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The Michiana Bicycle Association (MBA), founded in 1974, is the sponsor of the Amishland and Lakes Bike Tour. Michiana is the local name for the region centered on South Bend, Indiana. So how did it end up hosting a ride two counties to the east? The story goes that members of the club encountered someone from the Central Indiana Bicycle Association, the sponsor of the Hilly Hundred, who suggested that we do a ride in Amish country. The next year MBA put on the first Amishland and Lakes Bike Tour. And, the rest, as they say, is history.


The name Amishland and Lakes reflected the general layout of the routes at our original start location, Howe Military Academy. Day one toured Amish country, and day two went up to the kettle lakes area of southern Michigan where one also encountered a few hills absent in Amish farmland. One advantage of this location was that riders could stay in the dormitories and there was also tent camping on the grounds of the Academy.


In 2016, after the now-closed Howe Military Academy ran into financial difficulties, the start location moved ten miles south to Lakeland High School in Lagrange. Lagrange is the county seat of Lagrange County so we were now in the center of Amish country. The move to Lakeland required shifting our dates to the last weekend in July (at Howe it was always the first weekend in August). In 2016–2017, we experimented with a one-day ride that focused mainly on the Saturday Amish country routes. In 2018, by popular demand, we returned to the two-day format. The day one routes retained the traditional layout touring Amish country, with the longer routes taking in the cluster of lakes south of LaGrange. Because we were now ten miles further from Michigan, we developed all-new day two routes. Day two routes head east, into the Pigeon River nature preserve, the Wall Lake area, and, on the return from Mongo sag stop, more Amish farmland. After the 2017 ride, we discovered that the 4H fairgrounds, just across the road from the Lakeland High School, has camping facilities, and we began offering that option the following year.


We’ve discovered that many of our riders assume that we arrange for the Amish stands. We would like to take credit for them, but the credit must go to the Amish themselves. From what we have been able to figure out, the Amish observed the ride going by on the same weekend every year and on their own decided to set up stands selling root beer floats, pretzels, baked items, and other fare. This unrecognized relationship worked great until 2016 when we switched from the first weekend of August to the last weekend in July, and the Amish stands failed to appear! Because we had never had any direct contact with the people who put up the stands, it never occurred to us to inform them. Our riders love stopping at these Amish stands so we knew we had to find a way to bring them back. For 2017 we publicized the new dates widely throughout the Amish community. This effort was successful, and the stands were back in 2017. That year we made a point to identify the owners of the stands so that we could keep them informed about the ride.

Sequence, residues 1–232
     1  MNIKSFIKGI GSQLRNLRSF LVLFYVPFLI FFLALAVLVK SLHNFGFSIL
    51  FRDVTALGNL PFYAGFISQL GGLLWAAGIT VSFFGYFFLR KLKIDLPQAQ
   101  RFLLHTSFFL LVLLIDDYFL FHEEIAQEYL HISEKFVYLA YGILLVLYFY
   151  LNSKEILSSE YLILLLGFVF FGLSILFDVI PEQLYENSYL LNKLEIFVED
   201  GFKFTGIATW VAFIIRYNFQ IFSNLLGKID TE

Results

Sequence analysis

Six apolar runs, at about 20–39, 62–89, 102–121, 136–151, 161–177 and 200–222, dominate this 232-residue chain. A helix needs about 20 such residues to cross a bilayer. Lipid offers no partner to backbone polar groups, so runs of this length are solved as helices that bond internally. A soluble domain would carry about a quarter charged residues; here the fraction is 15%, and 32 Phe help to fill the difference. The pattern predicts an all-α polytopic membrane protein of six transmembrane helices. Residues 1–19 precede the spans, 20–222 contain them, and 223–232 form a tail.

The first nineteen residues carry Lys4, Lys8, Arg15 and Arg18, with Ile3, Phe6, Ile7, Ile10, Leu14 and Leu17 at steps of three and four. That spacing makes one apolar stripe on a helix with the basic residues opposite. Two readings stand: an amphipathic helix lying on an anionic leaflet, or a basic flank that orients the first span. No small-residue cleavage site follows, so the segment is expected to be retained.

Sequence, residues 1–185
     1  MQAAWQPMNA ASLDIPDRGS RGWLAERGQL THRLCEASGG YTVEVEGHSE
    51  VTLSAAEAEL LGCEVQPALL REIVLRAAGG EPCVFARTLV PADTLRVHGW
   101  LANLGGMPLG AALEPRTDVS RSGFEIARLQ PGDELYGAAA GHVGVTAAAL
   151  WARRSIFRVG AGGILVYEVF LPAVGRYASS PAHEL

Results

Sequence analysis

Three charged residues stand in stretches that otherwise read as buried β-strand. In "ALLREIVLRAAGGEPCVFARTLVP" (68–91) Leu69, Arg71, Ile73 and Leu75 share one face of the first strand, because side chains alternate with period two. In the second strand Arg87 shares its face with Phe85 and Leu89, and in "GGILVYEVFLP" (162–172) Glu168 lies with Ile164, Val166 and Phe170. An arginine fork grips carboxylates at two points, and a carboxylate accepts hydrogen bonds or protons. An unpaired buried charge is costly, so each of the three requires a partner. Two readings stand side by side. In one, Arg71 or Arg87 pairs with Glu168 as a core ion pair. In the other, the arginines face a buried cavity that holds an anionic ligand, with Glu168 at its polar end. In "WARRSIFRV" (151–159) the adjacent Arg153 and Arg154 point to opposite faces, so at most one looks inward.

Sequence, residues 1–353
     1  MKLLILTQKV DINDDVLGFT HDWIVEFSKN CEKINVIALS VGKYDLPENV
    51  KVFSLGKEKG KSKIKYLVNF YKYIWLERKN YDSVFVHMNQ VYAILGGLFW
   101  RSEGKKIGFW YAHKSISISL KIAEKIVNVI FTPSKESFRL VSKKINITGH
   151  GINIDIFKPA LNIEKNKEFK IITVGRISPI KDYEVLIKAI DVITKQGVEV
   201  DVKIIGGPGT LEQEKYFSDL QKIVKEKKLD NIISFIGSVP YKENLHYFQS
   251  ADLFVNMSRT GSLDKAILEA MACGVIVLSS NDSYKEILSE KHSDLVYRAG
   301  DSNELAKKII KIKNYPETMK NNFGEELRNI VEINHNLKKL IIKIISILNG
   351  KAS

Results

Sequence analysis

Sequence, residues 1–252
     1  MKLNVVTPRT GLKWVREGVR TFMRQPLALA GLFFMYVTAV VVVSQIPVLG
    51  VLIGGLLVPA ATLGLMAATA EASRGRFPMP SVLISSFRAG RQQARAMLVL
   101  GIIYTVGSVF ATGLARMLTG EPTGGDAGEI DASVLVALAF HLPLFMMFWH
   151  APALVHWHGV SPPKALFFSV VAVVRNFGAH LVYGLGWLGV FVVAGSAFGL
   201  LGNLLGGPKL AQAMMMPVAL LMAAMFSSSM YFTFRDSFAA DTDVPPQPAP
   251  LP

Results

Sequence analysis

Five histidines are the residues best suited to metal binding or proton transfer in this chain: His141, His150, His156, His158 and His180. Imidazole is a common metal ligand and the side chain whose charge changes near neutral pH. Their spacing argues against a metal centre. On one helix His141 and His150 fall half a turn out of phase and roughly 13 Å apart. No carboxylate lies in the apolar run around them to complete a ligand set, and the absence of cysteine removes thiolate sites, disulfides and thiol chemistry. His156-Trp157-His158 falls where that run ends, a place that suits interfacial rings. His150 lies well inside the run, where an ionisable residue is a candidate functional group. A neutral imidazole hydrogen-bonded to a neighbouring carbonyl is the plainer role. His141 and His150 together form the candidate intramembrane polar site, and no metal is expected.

Over the years, the ride has gained a loyal following with groups traveling from the throughout the Midwest, including the Toledo, Detroit, southern Michigan, Dayton/Cincinnati, Louisville/Lexington, Indianapolis, Fort Wayne, and Chicago areas. Because of the distances involved, many of these riders arrived on Friday and demand arose for a Friday ride. In the Howe years, this started as an informal route, but eventually became a regular Friday option. During the two years that we used a one-day format, we also dropped the Friday rides. Upon returning to two days, we began offering a new Friday option riding the beautiful rails-to-trails Pumpkinvine Nature Trail. From Shipshewanna—the westernmost point reached on our longer day-one routes—this trail covers seventeen miles, traveling even more Amish country including Middlebury to Goshen.


Amishland and Lakes Bike Tour success is the result of the cooperation of its hosts, sponsors, and the Amish community, the support of excellent volunteers, and the participating riders. We appreciate all the feedback we receive and strive to make Amishland and Lakes better each year. If you have a suggestion, please email

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